Contributions of this work can be summarized as follows: 1) We proposed a novel PU learning algorithm to perform the NER task using only unlabeled data and named entity dictionaries. 2) We proved that the proposed algorithm can unbiasedly and consistently estimate the task loss as if there is fully labeled data, under the assumption that the entities found out by the dictionary can reveal the distribution of entities. 3) To make the above assumption hold as far as possible, we propose an adapted method, motivated by the AdaSampling algorithm, to enrich the dictionary. 4) We empirically prove the effectiveness of our proposed method with extensive experimental studies on four NER datasets.
2.1 Risk Minimization
be the input and output random variables, whereand denote the space of and , respectively. Let
denote a classifier. A loss function is a map. Given any loss function and a classifier , we define the -risk of by:
where denotes the expectation and its subscript indicates the random variables with respect to which the expectation is taken. In ordinary supervised learning, we estimate with the empirical loss :
and update model parameters to learn a classifier that minimizes :
2.2 Unbiased Positive-Unlabeled learning
Unbiased positive-unlabeled learning (uPU) du Plessis et al. (2014) aims to estimate when there are only a set of positive (P) examples and a set of unlabeled (U) examples, which contains both positive and negative examples. can also be formulated by:
where and . Note that can be effectively estimated using positive data. Therefore, the main problem of PU learning is how to estimate without using negative labeled data. To this end, it further formulates:
This equation holds because:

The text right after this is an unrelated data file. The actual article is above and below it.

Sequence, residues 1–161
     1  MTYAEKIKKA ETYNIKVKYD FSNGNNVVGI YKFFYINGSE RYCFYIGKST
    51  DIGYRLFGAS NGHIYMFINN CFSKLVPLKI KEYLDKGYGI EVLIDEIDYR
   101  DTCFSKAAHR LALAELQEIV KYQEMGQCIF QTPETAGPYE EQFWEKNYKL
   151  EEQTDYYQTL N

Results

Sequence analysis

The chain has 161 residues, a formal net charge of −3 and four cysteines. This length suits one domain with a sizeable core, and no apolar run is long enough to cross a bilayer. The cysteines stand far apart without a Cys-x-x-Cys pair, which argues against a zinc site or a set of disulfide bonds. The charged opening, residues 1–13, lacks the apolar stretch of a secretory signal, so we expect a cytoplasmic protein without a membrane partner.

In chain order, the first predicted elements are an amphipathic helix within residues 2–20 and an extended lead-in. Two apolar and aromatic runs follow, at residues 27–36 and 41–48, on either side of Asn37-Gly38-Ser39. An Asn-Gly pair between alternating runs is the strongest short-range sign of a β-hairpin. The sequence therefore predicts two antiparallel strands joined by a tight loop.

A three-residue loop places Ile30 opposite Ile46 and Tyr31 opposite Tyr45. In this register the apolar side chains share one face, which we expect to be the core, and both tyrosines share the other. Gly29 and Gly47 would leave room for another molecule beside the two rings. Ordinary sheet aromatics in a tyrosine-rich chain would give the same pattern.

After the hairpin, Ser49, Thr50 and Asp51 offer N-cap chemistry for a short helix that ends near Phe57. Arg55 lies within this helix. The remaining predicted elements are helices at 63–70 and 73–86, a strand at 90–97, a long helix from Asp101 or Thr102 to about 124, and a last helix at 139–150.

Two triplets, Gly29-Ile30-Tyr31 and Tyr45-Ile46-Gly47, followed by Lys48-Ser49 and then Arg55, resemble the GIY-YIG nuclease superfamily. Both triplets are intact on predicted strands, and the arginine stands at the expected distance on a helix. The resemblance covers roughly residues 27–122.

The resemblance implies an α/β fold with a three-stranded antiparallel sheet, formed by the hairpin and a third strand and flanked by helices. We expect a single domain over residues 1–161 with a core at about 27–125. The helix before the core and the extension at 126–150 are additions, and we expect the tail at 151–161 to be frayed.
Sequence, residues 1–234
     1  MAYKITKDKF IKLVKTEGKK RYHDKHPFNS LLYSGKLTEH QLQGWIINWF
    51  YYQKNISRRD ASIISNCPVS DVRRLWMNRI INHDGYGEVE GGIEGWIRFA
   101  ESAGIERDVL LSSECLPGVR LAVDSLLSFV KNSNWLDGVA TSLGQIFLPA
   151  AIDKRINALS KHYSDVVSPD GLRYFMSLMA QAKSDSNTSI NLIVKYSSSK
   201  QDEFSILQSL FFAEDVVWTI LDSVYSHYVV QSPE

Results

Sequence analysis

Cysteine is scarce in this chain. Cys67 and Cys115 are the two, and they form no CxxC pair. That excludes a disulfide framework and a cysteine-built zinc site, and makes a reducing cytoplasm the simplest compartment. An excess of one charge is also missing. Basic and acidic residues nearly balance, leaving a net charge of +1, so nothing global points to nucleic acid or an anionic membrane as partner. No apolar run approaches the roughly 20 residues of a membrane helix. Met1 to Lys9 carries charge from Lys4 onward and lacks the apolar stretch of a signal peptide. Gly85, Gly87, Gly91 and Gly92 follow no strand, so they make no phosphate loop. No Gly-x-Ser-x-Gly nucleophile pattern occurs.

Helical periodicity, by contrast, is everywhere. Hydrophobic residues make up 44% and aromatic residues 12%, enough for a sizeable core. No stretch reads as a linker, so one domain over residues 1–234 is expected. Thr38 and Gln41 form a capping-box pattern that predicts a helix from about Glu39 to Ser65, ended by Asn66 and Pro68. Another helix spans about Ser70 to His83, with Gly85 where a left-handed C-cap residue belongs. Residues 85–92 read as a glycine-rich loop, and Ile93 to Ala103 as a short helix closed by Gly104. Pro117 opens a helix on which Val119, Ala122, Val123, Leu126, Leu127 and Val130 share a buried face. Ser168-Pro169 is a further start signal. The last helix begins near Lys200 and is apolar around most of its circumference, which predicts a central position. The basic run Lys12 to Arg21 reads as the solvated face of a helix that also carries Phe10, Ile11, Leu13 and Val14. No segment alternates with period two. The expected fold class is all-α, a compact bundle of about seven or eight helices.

According to this equation, we can now estimate using only unlabeled data and positive data. Thus, can be effectively estimated using only unlabeled data and positive data. In summary, we have that
can be unbiasedly estimated by:
where and denotes an unlabeled and positive example, respectively, and and denotes the number of unlabeled and positive examples, respectively.
2.3 Consistent Positive-Unlabeled Learning
As we know, a good estimation should be not only unbiased but also consistent. The above induction has proved that is an unbiased estimation of . In this section, we show that can be also a consistent estimation of when the loss function is upper bounded. We argue that this is the first work to give such a proof, which is summarized in the following theorem:
If is bounded by , then for any ,
where . Here, denotes the Lipschitz constant that , , and denotes a Reproducing Kernel Hilbert Space (RKHS) Aronszajn (1950). is the hypothesis space for each given in the ball of radius in . denotes the covering number of following Theorem C in Cucker and Smale (2002).
Proof appears in Appendix A. ∎
Let us intuitively think about what if is not upper bounded (e.g., the cross entropy loss function). Suppose that there is a positive example not occurring in the unlabeled data set. Then, its corresponding risk defined in is . If is not upper bounded, to achieve a small value of , can heavily overfit making , and in turn . From this analysis, we can expect that, when using a unbounded loss function and a flexible classifier, will dramatically decrease to a far below zero value.
Therefore, in this work, we force to be bounded by replacing the common unbounded cross entropy loss function with the mean absolute error, resulting in a bounded unbiased positive-unlabeled learning (buPU) algorithm. This slightly differs from the setting of uPU, which only requires to be symmetric.